Written by Emily S.
In June 2016, the British citizens participated in a referendum with regard to leaving the European Union (EU). The vote proved to be a close call, but eventually, the public decided to leave the EU. This decision has had major political, economic, and financial consequences for the UK. Firstly, the vote was held amidst political turbulence in the country. The results of the vote made the political scene even more complicated. Secondly, businesses in the UK had to brace themselves for economic and financial consequences. Leaving the EU would mean that companies would have to work in an environment of uncertainty and higher risks. It would also mean that businesses would have to comply with new regulations and deal with the issue of market access (Arnorsson and Zoega, 2018). This essay aims to evaluate the economic effect of Brexit on UK businesses.
Economic Effects of Brexit on UK Businesses
Business leaders in the UK have begun to develop strategies that would help them in negating the harmful effects of Brexit. One prime example of this is the construction industry. The industry is facing a highly challenging operating environment. This particular industry is among the most vulnerable in the UK. At present, the construction companies operating in the UK are already facing challenges with regard to their supply chains. The cost of raw materials and labour has been on the rise. At present, about 30% of the individuals employed in the industry come from the EU (Malik et al., 2019). In the near future, it may become much harder for such workers to obtain work permits in the UK. Similarly, the raw materials that are used in the construction of buildings are becoming more expensive. Once Brexit takes place, such raw materials are likely to become even costlier. This is because various materials are sourced from EU countries, and the import of these materials may become more expensive. Finally, the UK businesses that are operating within the construction industry are already being left out of EU infrastructure projects. This is having an adverse impact on their ability to generate revenues and grow (Malik et al., 2019).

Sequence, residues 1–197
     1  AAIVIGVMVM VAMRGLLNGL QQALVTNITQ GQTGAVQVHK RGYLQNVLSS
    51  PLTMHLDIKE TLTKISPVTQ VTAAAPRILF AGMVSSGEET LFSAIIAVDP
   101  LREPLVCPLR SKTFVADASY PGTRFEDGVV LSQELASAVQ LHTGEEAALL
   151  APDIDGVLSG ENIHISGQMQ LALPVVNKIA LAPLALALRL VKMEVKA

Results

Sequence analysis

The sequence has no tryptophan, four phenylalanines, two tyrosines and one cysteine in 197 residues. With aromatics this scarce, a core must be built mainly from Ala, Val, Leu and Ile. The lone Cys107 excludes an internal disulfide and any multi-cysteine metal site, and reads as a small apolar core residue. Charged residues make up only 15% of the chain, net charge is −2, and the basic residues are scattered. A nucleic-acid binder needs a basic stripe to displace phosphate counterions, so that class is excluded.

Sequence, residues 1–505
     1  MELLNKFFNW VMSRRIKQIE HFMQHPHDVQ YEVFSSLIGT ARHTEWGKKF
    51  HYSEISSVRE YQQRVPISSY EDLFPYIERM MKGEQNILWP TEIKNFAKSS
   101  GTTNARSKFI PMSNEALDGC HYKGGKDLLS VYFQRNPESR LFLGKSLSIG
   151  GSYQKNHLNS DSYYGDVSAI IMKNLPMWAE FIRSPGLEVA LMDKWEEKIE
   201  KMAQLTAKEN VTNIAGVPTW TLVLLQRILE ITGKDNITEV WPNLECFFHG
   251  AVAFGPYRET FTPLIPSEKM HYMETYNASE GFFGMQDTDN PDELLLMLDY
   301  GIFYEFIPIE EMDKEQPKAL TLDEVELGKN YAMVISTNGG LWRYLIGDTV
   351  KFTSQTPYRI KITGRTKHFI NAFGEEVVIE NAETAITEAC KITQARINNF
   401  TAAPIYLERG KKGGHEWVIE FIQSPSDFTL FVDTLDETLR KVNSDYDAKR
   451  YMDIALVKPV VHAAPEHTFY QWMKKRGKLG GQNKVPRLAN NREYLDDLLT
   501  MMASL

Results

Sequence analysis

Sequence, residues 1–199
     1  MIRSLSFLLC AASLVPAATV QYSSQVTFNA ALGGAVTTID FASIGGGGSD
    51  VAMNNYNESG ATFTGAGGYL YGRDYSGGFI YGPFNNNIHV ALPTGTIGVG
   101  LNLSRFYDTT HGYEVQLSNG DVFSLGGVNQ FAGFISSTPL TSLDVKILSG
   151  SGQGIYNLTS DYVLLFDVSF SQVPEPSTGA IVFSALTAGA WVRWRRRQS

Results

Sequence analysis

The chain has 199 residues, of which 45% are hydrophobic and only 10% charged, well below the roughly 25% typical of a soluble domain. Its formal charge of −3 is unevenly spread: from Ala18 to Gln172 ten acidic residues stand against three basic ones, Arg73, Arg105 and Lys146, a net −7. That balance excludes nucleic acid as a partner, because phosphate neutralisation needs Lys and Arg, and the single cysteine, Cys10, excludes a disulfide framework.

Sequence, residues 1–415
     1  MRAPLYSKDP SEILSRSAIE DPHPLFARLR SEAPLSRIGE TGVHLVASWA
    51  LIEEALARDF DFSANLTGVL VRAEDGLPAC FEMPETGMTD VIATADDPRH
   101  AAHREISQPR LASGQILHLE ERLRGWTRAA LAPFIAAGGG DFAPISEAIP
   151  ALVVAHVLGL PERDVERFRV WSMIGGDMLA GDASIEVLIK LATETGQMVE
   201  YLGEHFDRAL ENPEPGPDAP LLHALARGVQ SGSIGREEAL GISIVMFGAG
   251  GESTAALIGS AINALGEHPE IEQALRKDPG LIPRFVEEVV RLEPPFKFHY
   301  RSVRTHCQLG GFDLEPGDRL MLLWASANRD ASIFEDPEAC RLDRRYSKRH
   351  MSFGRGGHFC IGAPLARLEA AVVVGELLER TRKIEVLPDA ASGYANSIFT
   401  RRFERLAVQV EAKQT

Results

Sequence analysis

A similar situation has been witnessed in the financial services industry. For a number of decades, London has been considered a hub for financial services (Wright et al., 2016). However, this position is already under threat. Companies such as Barclays, HSBC, and Royal Bank of Scotland have already initiated relocation plans. These companies are wary of the economic conditions that will prevail in the UK after Brexit. According to estimates, the UK’s largest financial services firms have already committed over £1.3 billion worth of relocation funds. In addition, these firms are investing over £2.6 billion in order to build new headquarters outside of the UK (Financial Times, 2019). Major international banks operating in the UK have already announced over 1,500 job cuts. Overall, across industries, it is estimated that nearly £1 trillion worth of assets is being moved to mainland Europe (Hohlmeier and Fahrholz, 2018).
Another major concern for UK based manufacturing businesses is that a no-deal Brexit may have a significant negative impact on their operations (Coulter and Hancké, 2016). A no-deal Brexit would mean that companies may lose access to their major markets, they may need to deploy contingency plans, and they could also face prolonged uncertainty. Innovation is also likely to take a hit because of the more limited access to funding and weaker accessibility to mainland Europe. In addition to this, creative industries such as the UK film industry are also feeling the impact of Brexit. When Brexit happens, the collaboration opportunities for UK film-makers will decrease. This will also mean that artists from Europe might no longer be able to travel freely. This could result in multiple other knock-on effects such as lower viewership and decline in revenues (Bloomberg, 2018; Forbes, 2019).